A Comparison of Selected Biochemical and Physical Characteristics and Yielding of Fruits in Apple Cultivars (Malus domestica Borkh.)


Yoon H., Kleiber T., Zydlik Z., Rutkowski K., Wózniak A., Świerczyński S., ...Daha Fazla

AGRONOMY-BASEL, cilt.10, sa.4, 2020 (SCI İndekslerine Giren Dergi) identifier identifier

Özet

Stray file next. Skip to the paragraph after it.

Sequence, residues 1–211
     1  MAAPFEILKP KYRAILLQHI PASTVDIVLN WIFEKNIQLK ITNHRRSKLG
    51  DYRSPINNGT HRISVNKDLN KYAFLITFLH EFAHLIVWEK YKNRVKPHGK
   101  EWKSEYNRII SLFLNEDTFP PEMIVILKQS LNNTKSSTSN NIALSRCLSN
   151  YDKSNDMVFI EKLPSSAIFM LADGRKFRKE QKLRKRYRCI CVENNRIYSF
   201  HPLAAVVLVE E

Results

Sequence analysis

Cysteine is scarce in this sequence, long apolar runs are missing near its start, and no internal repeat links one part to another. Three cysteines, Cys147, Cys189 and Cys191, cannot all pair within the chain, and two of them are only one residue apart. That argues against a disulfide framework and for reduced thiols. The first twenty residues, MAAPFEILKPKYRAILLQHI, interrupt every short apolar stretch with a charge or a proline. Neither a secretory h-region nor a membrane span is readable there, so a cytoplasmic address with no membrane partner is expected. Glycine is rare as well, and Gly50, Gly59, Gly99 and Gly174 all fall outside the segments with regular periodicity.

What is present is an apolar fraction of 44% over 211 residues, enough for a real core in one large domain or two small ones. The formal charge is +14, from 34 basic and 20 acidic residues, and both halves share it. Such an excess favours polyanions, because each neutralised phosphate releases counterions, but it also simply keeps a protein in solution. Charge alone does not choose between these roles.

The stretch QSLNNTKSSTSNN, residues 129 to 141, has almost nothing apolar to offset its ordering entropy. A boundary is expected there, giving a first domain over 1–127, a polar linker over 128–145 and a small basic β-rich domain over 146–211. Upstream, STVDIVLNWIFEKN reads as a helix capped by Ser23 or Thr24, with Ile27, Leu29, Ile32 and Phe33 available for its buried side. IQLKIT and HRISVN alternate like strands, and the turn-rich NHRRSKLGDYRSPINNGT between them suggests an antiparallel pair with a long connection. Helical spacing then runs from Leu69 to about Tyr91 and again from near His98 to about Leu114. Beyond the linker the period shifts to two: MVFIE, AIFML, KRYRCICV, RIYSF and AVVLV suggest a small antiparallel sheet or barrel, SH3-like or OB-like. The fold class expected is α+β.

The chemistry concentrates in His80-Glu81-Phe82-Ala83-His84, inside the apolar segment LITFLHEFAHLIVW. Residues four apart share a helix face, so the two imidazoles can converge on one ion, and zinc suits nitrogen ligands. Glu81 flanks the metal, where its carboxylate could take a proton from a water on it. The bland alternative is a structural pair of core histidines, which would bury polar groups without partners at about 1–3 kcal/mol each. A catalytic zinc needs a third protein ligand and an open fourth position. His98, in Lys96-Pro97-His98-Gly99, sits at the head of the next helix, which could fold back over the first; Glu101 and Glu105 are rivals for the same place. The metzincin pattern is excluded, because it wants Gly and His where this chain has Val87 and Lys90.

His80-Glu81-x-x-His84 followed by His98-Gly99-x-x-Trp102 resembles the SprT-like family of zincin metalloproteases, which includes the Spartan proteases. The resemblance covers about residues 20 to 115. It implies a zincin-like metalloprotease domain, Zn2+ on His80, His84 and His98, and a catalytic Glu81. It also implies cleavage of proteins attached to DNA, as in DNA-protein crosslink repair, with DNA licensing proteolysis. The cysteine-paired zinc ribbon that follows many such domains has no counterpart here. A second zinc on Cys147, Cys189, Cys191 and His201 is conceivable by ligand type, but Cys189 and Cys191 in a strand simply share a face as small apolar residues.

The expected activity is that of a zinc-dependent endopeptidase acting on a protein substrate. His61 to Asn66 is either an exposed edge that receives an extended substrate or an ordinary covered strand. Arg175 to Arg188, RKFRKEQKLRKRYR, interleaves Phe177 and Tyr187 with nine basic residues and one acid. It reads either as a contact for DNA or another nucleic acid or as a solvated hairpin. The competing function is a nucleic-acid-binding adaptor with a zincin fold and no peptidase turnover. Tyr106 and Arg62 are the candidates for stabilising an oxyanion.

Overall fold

The aim of the research was to determine selected biochemical and physical characteristics and yielding of fruits in apple varieties (Malus domestica Borkh) such as Gala Schniga, Beni Shogun (Fuji) and Ligol, M.9 rootstock growing in the Wielkopolska region, Poland. high-performance liquid chromatography (HPLC) analysis revealed differences both in the profile and contents of soluble sugars and other metabolites detected in fruits of the tested apple varieties. The highest total saccharide content was found in fruits of cv. Gala Schniga, while leaves and shoots of this variety showed the lowest contents. Electron paramagnetic resonance (EPR) spectroscopy revealed the lowest contents of semiquinone radicals in apple fruits and the highest in leaves of apple trees. All organs of Schniga Gala apple trees were characterized by the highest levels of these radicals. Besides, gas chromatography-mass spectrometry (GC-MS) analysis of abscisic acid (ABA) revealed the highest levels of this molecule in shoots of apple trees, especially the Beni Shogun variety, while in fruits the levels were the lowest. Ligol fruits had the highest content of ABA. The percentage of injury observed after a low-temperature treatment and estimated on the basis of electrolyte leakage, was shown to be the lowest in fruits of the Beni Shogun variety. In turn, the lowest average yield of apple fruits was recorded for the Ligol and Fuji varieties, with the highest in the case of the Gala Schniga variety. At the same time, a significant variability in the average weight of fruits was observed; the highest average mass of fruits was recorded for the Ligol variety, while it was lowest for Gala Schniga. Additionally, firmness evaluation of the fruits revealed that the firmest fruits were harvested from Gala apple trees, before the Beni Shogun and Ligol varieties. A significant variability was recorded in the red blush on fruit surfaces of the tested varieties, with Ligol fruits having the weakest blush. Altogether, these results indicate that fruits of the analyzed apple varieties differed both in terms of their biochemical composition and physical characteristics.